Boston St. Patrick’s Day Peace march
March 16 — Solidarity overwhelmed bigotry on the streets of South Boston this St. Patrick’s Day weekend. For 20 years the Allied War Veterans organization has rejected openly lesbian, gay, bisexual, transgender and queer people from marching in its traditional St. Patrick’s Day Parade, as well as anti-war and peace groups led by the local Smedley Butler Brigade of Veterans for Peace. The VFP has organized an alternative Peace Parade for the last five years, marching just behind the traditional parade with a contingent inclusive of all LGBTQ and peace-loving groups.
The Boston area corporate media have portrayed this struggle narrowly, as being just between one LGBTQ group, Mass Equality, and the Allied War Veterans, with daily updates on the status of alleged negotiations between the two. Their aim is to render invisible and isolate the strong — and more troubling to the bourgeoisie — anti-war message of the Vets for Peace and the many peace groups they have been leading. The attempt by Mayor Marty Walsh and the bigots of the Allied veterans to “broker” an agreement that would have allowed just one LGBTQ group to march, though not openly and without signs or messages, was a colossal and embarrassing failure.
Instead, close to 2,000 marched in the alternative Peace Parade led by the VFP’s national leadership, with dozens of groups participating. Among them were the Stonewall Veterans Association and Erica Kay-Webster, an original Stonewall Rebellion combatant. She told Workers World, “I am here to show support for all these organizations marching for justice. Our struggle is not over!”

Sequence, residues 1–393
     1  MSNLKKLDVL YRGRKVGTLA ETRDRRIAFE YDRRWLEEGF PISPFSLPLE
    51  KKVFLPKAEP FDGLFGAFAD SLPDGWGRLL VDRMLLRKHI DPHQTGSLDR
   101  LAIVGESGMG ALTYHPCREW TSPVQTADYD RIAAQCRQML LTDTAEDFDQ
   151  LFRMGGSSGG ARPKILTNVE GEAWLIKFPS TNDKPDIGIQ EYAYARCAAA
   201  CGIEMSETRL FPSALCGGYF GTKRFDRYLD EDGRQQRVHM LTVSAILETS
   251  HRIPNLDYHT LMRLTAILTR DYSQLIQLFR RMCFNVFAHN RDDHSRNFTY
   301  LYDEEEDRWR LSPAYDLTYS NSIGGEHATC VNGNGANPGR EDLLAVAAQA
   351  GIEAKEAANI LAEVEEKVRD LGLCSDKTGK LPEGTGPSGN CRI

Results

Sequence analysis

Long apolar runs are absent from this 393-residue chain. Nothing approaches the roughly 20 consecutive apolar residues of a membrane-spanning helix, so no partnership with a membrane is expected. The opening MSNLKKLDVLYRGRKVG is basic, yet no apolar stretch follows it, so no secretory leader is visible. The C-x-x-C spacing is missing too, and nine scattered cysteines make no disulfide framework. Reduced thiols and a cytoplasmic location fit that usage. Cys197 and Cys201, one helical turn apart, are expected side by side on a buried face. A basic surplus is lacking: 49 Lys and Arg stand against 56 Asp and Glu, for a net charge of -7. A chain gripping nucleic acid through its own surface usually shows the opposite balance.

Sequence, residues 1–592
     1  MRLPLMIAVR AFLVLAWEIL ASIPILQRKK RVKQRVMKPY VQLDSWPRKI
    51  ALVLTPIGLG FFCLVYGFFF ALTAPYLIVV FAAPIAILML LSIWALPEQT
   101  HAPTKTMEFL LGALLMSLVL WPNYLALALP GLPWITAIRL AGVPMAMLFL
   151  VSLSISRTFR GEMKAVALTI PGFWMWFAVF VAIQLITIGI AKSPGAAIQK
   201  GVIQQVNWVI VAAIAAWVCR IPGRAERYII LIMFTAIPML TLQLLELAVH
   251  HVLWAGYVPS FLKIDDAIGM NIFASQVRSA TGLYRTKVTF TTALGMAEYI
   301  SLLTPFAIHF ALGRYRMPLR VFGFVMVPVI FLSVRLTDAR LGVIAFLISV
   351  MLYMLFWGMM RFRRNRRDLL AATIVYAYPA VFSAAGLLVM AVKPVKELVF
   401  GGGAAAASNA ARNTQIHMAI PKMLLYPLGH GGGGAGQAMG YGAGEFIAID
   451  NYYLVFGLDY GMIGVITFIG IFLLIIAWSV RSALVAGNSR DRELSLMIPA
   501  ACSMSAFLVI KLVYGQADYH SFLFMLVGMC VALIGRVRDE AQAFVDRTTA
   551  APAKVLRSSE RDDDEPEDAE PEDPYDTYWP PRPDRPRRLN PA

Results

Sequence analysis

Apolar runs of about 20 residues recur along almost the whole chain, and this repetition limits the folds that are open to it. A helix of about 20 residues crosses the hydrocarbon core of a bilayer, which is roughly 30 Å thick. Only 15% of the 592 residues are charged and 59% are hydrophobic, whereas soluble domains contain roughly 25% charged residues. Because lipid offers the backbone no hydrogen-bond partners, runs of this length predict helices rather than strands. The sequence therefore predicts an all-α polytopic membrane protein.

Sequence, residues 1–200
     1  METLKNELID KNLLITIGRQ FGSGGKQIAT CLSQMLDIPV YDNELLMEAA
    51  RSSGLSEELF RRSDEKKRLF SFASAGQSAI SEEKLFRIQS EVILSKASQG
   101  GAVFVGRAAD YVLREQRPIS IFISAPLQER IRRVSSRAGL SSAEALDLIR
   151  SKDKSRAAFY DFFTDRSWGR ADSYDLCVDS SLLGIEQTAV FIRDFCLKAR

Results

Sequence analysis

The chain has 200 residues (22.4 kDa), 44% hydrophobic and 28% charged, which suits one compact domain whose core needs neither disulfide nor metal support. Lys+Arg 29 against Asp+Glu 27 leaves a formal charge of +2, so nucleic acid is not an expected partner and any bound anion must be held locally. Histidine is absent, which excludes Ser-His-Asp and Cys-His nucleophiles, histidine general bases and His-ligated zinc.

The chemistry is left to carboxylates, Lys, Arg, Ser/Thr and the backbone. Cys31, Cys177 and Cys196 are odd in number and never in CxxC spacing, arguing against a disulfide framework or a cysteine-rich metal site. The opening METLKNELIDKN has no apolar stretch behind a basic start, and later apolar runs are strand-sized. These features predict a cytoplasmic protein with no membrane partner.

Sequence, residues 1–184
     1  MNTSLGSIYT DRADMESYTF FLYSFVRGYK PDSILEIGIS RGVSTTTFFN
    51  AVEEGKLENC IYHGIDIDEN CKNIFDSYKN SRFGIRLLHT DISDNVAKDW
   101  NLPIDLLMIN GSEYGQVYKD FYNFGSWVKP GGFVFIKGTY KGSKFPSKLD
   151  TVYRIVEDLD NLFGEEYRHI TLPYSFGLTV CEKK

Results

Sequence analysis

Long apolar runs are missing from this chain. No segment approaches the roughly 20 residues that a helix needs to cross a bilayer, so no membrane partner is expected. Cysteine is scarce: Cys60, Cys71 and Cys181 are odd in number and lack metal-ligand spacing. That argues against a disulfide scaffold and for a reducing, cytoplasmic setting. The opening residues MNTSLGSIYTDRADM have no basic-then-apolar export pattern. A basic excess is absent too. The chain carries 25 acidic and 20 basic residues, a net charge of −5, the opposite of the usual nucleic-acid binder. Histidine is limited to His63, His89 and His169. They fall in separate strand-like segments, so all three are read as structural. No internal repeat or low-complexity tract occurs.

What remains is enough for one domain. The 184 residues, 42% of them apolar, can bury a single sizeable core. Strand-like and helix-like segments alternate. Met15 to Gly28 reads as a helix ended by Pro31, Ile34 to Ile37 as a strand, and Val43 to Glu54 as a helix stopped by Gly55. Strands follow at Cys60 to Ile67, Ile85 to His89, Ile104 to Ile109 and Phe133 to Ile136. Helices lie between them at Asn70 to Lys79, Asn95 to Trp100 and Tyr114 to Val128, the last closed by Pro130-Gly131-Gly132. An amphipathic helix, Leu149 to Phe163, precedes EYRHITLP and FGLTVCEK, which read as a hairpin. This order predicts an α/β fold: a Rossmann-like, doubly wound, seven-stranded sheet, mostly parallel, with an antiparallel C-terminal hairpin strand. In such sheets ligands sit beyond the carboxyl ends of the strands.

Marching with her were the Pride Boston Organizing Committee, which unanimously voted to support the Peace Parade, along with the leadership of the National Lavender Caucus of the Service Employees union; GALLAN (Gay and Lesbian Labor Activist Network)/Pride at Work AFL-CIO; Stonewall Warriors/International Action Center; Dignity Boston; Get Equal; and Safe Homes for LGBTQ youth.
Leaders from United Steelworkers Local 8751, the Boston School Bus Union, which has been fighting the Veolia corporation’s union-busting attempts since last October, led the labor contingent. Strains of the old union hymn, “Which Side are You On?” emanated from their sound truck. Speakers from UNITE/HERE Local 26, the Boston Bolivarians and the Women’s Fightback Network gave powerful solidarity messages to thousands of friendly onlookers along the parade route.
The anti-war and climate-change movements marched in contingent after contingent, opposing U.S. support for right-wing and fascist groups operating in Iran, Syria, Venezuela and Ukraine. These groups included Dorchester People for Peace, Peace Action, 356 Mass.org, South Boston Residents for Peace, Jewish Voice for Peace, United National Anti-War Coalition, Bikes Not Bombs, Walpole Peace and Justice, the Peace Collaborative, and many more.
WW photos: Stevan Kirschbaum